Greenhouse gases pose threat to public health
November 1, 2011 — Critics who doubt dire predictions about global warming question how much difference, say, a 2-degree temperature increase could mean to the planet.
According to Aaron Bernstein, quite a bit.
Bernstein, a doctor at Children’s Hospital, instructor in pediatrics at Harvard Medical School, and Acting Associate Director of the medical school’s Center for Health and the Global Environment, was the first speaker in this year’s Environmental Health Colloquium Series, held on October 20, 2011 and sponsored by the Harvard School of Public Health’s Department of Environmental Health. An expert in how climate change and biodiversity loss can affect human health, Bernstein, MPH ’09, said that even a small global temperature increase could lead to troubling consequences, like rising sea levels, population displacement, disruption to the food supply, flooding, and an increase in infectious diseases.
While some don’t believe that greenhouse gases caused by humans are the main culprit behind global warming, Bernstein showed graphs indicating otherwise. The data, he explained, show pronounced increases in greenhouse gas levels in the United States during the Industrial Revolution of the late 1800s as well in the 1950s, when there was a postwar manufacturing boom.
Three consequences of climate change—rising sea levels, rising temperatures, and increased precipitation—stand to have the greatest impact on human health, Bernstein said. With rising sea levels, salt water can seep into into groundwater tables and taint the drinking water supply, and can also displace populations from low-lying areas. “And displaced populations have notoriously poor health statistics,” he said.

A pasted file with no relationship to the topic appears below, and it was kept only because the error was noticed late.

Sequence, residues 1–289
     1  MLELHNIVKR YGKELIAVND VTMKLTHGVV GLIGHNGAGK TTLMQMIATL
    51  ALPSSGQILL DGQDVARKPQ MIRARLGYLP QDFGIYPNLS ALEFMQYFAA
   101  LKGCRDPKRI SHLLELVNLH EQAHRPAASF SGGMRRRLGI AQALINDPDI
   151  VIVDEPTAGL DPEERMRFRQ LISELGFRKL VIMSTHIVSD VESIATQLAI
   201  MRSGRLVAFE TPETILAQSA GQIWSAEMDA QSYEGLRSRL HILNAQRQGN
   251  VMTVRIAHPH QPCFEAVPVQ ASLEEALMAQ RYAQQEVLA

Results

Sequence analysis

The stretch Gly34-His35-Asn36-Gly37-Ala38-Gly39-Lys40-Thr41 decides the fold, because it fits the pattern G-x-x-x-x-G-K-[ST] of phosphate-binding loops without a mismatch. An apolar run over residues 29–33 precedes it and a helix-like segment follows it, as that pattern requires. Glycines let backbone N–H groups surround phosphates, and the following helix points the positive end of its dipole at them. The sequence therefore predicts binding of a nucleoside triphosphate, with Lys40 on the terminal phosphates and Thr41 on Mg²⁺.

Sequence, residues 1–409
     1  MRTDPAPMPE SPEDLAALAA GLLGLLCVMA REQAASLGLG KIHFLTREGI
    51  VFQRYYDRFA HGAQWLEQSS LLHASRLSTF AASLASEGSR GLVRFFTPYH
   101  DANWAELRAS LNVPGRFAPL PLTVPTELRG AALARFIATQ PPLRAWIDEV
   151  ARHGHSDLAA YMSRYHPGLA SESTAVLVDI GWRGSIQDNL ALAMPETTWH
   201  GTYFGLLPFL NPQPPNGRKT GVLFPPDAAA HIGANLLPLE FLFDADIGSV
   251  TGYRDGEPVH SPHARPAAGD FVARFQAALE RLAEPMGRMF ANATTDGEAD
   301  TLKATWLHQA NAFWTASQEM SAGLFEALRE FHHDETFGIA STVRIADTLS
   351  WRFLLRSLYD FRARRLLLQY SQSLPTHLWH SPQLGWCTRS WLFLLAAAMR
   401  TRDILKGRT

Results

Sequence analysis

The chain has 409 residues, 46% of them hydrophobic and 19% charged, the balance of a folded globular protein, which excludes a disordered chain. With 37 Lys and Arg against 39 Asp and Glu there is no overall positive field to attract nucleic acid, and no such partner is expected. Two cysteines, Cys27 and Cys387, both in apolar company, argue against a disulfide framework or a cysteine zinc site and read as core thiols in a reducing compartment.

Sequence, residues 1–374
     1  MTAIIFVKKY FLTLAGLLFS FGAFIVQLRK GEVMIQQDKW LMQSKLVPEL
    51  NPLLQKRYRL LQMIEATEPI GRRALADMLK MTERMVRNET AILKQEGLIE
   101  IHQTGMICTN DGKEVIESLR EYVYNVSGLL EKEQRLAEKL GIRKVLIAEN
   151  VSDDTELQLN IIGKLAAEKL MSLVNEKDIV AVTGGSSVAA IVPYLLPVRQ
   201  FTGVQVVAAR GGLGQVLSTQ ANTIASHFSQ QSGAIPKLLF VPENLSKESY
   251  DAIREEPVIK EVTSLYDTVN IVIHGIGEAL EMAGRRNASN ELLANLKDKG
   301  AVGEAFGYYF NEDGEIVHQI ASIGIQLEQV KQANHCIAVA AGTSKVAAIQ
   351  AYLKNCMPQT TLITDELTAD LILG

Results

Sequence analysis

Heat waves—another consequence of global warming—can lead to thousands of heat-related deaths. Beyond that, there can be other troubling effects: decreases in crop yields, droughts, and dry conditions ripe for wildfires. Wildfires, in turn, lead to deforestation. Since trees absorb much of the excess carbon dioxide in the atmosphere, fewer trees mean higher levels of greenhouse gases in the atmosphere—thus perpetuating the cycle in which warmer temperatures wreak atmospheric havoc.
Global warming can also cause abnormally heavy rains. A warmer atmosphere holds more moisture than a cooler one, Bernstein explained, but when it reaches capacity, the rain can be overwhelming. As an example, he cited the unprecedented spring flooding in the Midwest, which prompted the Army Corps of Engineers to intentionally breach the Birds Point levee in southeastern Missouri. The move saved the town of Cairo, Illinois, but it swamped 130,000 acres of Missouri farmland and 100 homes.
“These are the kinds of choices that we’re going to be increasingly facing,” Bernstein said.
But he noted that the potentially devastating consequences of global warming can be avoided as long as governments and individuals take seriously the importance of reducing greenhouse gas levels. While the facts about global warming are depressing, “there are definitely solutions to some of these problems,” said Bernstein.